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I am often puzzled when it comes to the difference between philosophy and many aspects of science.
I find it useful, in discussing any variation of the famous philosophical question “what is philosophy?” to consider the entomology of the word: “philo”=love + “sophia”=wisdom. This leads to the following definition, given as the first in the 1913 Webster dictionary:
Literally, the love of, inducing the search after, wisdom; in actual usage, the knowledge of phenomena as explained by, and resolved into, causes and reasons, powers and laws.
So, importantly, and contrary to its common usage, philosophy, this activity of a philosopher, is not a field of study (a ____–ology), not the practice of a discipline (the activity of a ____-ist), but an act of loving (a ____-philia). An alternate form of “philosophy” could be “sophiaphilia”, but not “sophology”, “the study of wisdom”.

“Science” has an equally peculiar entomology, sharing the same root as “conscious”, meaning literally “to know”. 1913 Webster’s first definition is

Knowledge; knowledge of principles and causes; ascertained truth of facts.
A scientist, then, is literally “one who knows things”.

I think an appreciation of the fundamental peculiarity in the entomology of these terms is critical to understanding the fine, and commonly confused, distinction between philosophical and scientific activity. No matter how much the terms have mutated from the meaning implied by their entomology, philosophy contains an essential element of emotional love, while science contains an essential implication of the existence of and knowability of objective facts.

In a sense, philosophy is bigger than science, because science is necessarily a particular kind of philosophical conclusion: objective materialism, or an alternate term, realism. A distinguishing characteristic of this philosophical position is that it holds that “reality” and “facts” exist independently of our knowledge of them – in other words, that the universe functions according to the laws of science whether any scientist knows any of these laws. Many other philosophies draw contradicting conclusions, holding that facts don’t exist until they are “known”, and that objective reality has not existence independent of an observer.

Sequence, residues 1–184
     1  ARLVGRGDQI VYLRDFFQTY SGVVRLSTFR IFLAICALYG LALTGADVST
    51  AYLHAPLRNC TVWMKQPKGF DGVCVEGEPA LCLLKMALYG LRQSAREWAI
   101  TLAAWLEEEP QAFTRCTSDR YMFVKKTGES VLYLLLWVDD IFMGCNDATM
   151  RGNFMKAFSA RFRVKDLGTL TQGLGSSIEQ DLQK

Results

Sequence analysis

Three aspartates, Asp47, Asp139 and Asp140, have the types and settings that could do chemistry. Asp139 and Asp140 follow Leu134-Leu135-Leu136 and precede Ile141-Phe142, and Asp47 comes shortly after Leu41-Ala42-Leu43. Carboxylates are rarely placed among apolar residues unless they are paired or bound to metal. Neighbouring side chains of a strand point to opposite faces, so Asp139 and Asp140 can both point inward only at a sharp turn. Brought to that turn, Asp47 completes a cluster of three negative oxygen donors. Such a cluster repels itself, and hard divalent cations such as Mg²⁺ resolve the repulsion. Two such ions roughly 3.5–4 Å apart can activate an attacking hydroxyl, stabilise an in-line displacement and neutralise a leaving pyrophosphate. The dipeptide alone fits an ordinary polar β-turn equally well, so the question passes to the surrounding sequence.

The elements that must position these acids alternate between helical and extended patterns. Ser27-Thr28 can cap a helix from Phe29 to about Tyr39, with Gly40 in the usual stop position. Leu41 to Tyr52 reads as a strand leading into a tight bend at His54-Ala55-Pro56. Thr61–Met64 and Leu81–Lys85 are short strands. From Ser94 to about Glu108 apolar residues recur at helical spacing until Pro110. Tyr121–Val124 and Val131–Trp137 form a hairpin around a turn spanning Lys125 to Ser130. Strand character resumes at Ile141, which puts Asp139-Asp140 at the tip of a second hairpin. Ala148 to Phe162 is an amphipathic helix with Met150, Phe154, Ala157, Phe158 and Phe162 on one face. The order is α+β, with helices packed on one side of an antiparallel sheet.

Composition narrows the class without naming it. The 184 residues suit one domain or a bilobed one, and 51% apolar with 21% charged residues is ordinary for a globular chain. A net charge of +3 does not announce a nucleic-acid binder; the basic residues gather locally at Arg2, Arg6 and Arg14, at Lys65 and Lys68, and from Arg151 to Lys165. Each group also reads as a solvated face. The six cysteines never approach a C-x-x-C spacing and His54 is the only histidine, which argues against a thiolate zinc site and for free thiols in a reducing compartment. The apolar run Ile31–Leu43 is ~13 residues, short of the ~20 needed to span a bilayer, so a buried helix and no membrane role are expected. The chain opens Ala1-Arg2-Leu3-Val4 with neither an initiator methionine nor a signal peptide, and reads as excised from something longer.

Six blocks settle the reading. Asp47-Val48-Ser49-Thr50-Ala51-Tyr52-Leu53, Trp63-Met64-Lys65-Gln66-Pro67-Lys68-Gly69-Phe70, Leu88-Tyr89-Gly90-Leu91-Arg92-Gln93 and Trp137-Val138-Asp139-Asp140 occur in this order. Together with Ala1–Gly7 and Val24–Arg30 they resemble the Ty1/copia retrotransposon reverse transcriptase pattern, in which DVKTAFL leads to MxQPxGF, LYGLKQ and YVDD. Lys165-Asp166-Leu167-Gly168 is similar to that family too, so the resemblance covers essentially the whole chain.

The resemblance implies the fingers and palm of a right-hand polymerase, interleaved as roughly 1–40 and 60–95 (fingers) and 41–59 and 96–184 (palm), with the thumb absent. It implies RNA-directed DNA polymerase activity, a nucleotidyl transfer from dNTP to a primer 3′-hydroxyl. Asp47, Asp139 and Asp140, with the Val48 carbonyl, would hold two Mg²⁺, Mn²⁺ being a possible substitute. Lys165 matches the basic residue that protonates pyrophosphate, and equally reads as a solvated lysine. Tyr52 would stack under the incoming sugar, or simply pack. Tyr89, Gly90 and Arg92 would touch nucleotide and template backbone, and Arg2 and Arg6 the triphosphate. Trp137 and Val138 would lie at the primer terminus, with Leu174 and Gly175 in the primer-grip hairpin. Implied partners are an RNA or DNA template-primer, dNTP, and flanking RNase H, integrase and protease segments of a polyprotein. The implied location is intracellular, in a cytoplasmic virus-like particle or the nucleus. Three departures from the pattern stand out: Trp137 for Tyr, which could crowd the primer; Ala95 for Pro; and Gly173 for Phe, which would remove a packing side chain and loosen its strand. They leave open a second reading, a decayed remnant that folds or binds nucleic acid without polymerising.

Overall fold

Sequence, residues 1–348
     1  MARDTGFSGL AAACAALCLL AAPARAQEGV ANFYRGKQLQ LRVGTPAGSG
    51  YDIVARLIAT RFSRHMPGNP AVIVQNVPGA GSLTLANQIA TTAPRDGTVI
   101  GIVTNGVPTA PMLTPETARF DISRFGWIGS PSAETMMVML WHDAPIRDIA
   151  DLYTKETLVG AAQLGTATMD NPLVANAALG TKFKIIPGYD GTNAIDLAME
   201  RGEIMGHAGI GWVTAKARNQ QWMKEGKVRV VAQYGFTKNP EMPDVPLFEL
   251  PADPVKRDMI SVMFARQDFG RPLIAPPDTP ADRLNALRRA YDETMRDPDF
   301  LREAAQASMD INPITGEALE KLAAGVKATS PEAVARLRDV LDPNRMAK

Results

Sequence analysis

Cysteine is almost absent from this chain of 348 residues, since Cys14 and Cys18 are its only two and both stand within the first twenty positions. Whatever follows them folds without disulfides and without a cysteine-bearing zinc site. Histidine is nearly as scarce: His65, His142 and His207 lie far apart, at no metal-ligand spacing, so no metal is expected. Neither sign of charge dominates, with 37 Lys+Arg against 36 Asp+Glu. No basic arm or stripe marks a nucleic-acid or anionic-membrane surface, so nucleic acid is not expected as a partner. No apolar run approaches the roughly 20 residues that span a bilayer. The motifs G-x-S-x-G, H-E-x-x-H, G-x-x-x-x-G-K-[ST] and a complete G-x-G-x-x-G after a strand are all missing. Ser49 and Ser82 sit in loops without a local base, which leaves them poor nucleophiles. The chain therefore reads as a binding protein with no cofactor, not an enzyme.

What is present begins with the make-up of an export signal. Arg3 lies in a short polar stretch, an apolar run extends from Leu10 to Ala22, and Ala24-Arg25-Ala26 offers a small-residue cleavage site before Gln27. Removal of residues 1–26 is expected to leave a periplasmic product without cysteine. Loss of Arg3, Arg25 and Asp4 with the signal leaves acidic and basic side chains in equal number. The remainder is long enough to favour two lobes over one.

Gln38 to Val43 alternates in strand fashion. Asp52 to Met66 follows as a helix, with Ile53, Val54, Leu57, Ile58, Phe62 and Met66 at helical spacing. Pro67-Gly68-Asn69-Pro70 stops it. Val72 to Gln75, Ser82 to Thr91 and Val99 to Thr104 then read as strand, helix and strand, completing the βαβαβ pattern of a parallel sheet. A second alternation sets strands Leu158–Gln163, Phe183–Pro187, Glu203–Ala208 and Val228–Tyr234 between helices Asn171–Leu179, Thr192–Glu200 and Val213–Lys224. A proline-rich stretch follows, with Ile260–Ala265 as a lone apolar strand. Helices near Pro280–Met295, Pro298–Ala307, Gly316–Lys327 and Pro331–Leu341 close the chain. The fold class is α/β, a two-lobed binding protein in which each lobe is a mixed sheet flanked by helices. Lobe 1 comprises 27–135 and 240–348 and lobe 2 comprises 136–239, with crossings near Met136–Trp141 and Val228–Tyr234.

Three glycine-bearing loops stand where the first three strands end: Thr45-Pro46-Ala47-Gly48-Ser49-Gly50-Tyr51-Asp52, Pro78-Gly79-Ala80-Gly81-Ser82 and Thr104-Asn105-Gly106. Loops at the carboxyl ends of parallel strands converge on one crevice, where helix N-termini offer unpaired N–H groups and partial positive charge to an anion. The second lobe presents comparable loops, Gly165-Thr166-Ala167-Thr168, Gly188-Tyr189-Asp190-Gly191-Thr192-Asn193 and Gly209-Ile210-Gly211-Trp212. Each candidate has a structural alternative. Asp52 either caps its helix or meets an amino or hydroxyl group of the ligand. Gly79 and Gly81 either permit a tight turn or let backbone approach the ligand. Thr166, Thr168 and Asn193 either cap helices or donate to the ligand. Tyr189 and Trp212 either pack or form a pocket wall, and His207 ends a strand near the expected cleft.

In philosophy, one begins with a premise (eq. meaning of life is...). One then uses logic to connect data to make a correlation that can support the premise.
In light of the preceding definition, this is an overly restrictive description of what one does “in philosophy”. Although unusual in current, recognized philosophical communities, an approach in which one contemplates a thought (eg: the meaning of life) until one experiences a state of ecstatic emotion agitation, then concludes whatever comes to mind, is an equally valid philosophical approach. Philosophy requires only that the philosopher love wisdom – it does not prescribe how he loves it.

In ordinary, modern usage, philosophy and science have come to mean very different things than implied by their entomology. Definitions abound. One of my favorite is the wry “a [philosopher|scientist] is one who reads and publishes papers in [philosophy|science] journals”.

In summary, I stop short of the conclusion that “philosophy” is a term used in so many different ways that it’s unhelpful in discussion, and conclude that one should be very careful when using it, remaining cognizant at all times that “philosopher” is a much more vaguely defined term than “machinist”, “physicist”, or “mathematician”.

If one uses the pure logic of mathematics, instead of logic and regular language, to do the same thing, why is it called science, instead of philosophy[?].
I don’t believe the claims implied by this question is true.

Much philosophy – both in the “what is published in philosophy journals”, and the “done out of a love of wisdom” senses – relies heavily on mathematic language to persuade and instill a sense of wonder (“wonder” and “love” are commonly equated in philosophy). Much science relies on arguments using natural language to persuade and reach determinations of fact. Therefore, the use of mathematics does not define writing as science, nor its absence define it as philosophy.